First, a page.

WORKING PAPER SERIES 2011:20
QOG THE QUALITY OF GOVERNMENT INSTITUTE Department of Political Science University of Gothenburg Box 711, SE 405 30 GÖTEBORG February 2012 ISSN 1653-8919 © 2012 by Carl Dahlström. All rights reserved.
Bureaucracy and the different cures for grand and petty corruption Carl Dahlström QoG Working Paper Series 2011:20 February 2012 ISSN 1653-8919
Carl Dahlström, Ph.D. The Quality of Government Institute Department of Political Science University of Gothenburg email@example.com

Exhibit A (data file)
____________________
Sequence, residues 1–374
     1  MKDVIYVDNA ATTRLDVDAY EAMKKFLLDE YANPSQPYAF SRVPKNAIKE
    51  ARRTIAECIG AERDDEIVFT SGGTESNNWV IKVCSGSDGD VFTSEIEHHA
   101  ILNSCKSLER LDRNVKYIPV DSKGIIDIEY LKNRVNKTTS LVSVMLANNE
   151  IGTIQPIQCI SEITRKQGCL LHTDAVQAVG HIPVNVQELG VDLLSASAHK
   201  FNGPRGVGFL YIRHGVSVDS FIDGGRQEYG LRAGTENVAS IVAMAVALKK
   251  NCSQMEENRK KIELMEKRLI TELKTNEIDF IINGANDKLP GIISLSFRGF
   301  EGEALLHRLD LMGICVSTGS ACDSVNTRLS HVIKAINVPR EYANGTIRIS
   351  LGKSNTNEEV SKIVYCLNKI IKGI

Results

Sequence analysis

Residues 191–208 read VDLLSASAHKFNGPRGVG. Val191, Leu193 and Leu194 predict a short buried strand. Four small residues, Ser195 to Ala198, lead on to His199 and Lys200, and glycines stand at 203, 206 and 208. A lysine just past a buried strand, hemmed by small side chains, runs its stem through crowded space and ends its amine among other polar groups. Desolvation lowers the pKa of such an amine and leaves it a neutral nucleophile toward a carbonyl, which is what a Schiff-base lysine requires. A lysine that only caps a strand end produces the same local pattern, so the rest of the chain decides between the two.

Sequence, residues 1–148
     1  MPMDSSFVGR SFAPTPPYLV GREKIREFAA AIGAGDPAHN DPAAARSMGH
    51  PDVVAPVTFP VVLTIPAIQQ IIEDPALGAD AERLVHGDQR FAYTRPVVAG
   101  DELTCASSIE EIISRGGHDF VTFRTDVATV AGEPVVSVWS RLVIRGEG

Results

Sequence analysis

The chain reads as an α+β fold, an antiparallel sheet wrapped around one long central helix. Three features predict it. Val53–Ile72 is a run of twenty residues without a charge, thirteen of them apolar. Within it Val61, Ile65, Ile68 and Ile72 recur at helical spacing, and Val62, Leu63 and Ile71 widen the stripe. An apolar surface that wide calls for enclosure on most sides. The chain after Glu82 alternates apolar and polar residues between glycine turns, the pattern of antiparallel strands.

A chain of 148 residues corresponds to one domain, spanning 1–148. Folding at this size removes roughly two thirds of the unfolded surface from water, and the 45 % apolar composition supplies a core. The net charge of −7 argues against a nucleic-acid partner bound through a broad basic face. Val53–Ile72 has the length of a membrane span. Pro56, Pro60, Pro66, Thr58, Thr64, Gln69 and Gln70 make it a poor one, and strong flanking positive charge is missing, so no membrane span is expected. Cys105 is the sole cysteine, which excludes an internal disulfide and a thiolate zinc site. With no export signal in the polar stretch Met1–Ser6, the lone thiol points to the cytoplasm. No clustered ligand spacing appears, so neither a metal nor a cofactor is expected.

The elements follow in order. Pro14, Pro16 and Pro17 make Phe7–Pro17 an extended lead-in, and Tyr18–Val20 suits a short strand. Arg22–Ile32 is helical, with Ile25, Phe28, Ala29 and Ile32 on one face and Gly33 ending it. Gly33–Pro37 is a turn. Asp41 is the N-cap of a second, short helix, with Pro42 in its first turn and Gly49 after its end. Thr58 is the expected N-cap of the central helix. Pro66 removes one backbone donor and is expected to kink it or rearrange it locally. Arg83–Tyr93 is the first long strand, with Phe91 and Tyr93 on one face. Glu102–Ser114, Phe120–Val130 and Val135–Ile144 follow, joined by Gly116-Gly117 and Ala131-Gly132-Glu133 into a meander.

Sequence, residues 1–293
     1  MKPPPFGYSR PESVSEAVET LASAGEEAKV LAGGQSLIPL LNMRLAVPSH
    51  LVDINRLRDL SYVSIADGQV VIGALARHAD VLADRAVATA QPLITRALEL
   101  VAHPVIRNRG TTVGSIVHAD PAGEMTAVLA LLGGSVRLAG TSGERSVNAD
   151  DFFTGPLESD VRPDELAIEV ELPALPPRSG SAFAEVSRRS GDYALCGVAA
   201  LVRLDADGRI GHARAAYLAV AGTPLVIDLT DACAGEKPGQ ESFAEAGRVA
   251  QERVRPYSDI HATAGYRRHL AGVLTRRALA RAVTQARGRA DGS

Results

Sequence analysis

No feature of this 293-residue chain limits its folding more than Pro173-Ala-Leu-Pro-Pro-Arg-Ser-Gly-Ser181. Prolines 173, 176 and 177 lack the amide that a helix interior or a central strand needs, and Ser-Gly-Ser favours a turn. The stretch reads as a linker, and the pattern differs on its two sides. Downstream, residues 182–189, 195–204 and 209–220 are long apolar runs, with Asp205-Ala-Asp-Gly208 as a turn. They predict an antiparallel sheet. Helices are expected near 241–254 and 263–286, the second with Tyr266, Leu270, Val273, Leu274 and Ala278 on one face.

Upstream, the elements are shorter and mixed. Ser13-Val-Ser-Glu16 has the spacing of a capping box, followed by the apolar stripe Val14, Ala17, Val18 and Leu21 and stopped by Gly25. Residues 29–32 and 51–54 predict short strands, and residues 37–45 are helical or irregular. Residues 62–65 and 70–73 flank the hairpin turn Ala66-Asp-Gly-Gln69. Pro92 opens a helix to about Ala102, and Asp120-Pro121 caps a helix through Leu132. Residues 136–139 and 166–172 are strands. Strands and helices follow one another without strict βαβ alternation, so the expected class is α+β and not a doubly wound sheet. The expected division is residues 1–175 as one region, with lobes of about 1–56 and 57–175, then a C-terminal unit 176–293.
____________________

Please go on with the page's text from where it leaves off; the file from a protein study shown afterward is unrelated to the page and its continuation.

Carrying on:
A well-structured and efficient public administration is a fundamental attribute of civilized society and essential for the state building process, which also means that it influences prosperity over the centuries (Fukuyama 2011; Mann 1986, 1993; Tilly 1985). An “impartial” (Rothstein and Teorell 2008) or “impersonal” (North, Wallis and Weingast 2009) treatment of citizens by the public administration is a basic quality in well-functioning states, and corruption being the opposite of impartiality, the role of public administration is important to understand – for its own sake, but also because the flaws of the administration are likely to spread to the society at large, with crippling long-term effects.1 Both “public administration” and “corruption” are vague concepts. This paper will therefore discuss only some elements of both concepts. I use the term “public administration” when referring generally to different ways of organizing the public sector in a nation state. When discussing the effect of the public administration on corruption, most scholars start from the way the ideal typical bureaucracy was described by Max Weber in the beginning of the 20th century (Weber 1978, chapter 11; concerning Weberian bureaucracy and corruption see for example Rauch and Evans 2000). When I use the term bureaucracy in this paper I therefore use this word
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